Anna Massey, whose death at the age of 73 was announced yesterday, has been one of the most prolific performers in British period dramas for more than thirty years. A reliably charismatic on-screen presence, Ms. Massey was often cast in the role of the aunt or the housekeeper. Most recently she was seen as Mrs Bedwin in Oliver Twist, Mrs D'Urberville in Tess of the D'Urbervilles and Miss Stanbury in He Knew He Was Right, all for the BBC. She also starred as Aunt Norris in Mansfield Park in 1982 and as Mrs Danvers in Rebecca in 1979. She re-created her Olivier Award-winning role as the frustrated Miss Prism for the National Theatre in London in Oliver Parker's 2002 film adaptation The Importance of Being Earnest.
Ms. Massey won a BAFTA for her portrayl of the lonely spinster Edith Hope in the 1986 television adaptation of Anita Brookner's Booker Prize-winning novel Hotel du Lac. So passionate was she about the project and playing the role that she helped finance the production with her own money. Aside from her many television roles, she regularly appeared on stage. Her stage debut was in 1955 when she played the title role in William Douglas-Home's The Reluctant Debutante in the West End and later on Broadway. Her most recent stage role was as Elizabeth 1 opposite Isabelle Huppert in Schiller's Mary Stuart in 1996, also for the National Theatre.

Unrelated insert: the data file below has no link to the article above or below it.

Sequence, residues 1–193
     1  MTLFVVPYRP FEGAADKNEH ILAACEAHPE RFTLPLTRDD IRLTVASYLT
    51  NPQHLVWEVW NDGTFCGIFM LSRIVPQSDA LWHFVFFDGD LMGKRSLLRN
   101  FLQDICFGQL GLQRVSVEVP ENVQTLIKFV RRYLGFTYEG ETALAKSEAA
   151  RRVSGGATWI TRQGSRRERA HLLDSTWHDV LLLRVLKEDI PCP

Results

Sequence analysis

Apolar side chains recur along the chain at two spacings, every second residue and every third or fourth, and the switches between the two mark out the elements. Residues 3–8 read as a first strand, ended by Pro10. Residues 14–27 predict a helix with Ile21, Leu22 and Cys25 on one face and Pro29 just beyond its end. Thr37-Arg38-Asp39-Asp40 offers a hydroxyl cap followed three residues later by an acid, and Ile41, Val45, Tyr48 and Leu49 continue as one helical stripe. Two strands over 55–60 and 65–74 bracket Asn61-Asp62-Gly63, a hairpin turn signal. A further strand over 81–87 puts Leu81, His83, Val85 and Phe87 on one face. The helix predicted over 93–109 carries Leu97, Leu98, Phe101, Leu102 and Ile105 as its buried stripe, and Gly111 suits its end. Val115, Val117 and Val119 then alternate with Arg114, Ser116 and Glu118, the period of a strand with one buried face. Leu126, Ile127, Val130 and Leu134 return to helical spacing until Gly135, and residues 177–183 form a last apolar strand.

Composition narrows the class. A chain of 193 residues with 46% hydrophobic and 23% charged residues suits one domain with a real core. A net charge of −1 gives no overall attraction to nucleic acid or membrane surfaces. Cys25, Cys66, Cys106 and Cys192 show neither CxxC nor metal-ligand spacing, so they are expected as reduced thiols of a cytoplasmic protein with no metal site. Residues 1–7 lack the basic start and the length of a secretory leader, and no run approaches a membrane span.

An intriguing facet to Ms. Massey's career was her involvement between 1960 and 1972 in three films which were not initially successful but which gained considerably in reputation in subsequent years. In 1960, she played Helen in Michael Powell's Peeping Tom, pictured above, a film which was so reviled on its initial release that it effectively brought Powell's illustrious career to a screeching halt. The tale of a serial killer who films his victims' deaths was seen as perverse but has since been hailed as a masterpiece by, amongst others, Martin Scorcese. She also played the teacher Miss Elvira in Otto Preminger's intensely odd Bunny Lake is Missing in 1965 and the barmaid Babs in Alfred Hitchcock's 1972 shocker Frenzy. The scene in which she is being unwittingly led through the bustling London streets to her death is revered as a classic Hitchcockian moment of suspense.
I was always delighted to see Anna Massey's name in the credits. For an actress who was often called upon to play a similar type of role, she never phoned it in. She utterly convinced in the moment whether being imperious and authorative or gentle and kind, whether wielding a knife or drying a tear. She carried quality in her pocket. Please drop me a line and let me know for what role you will best remember the late, great Anna Massey.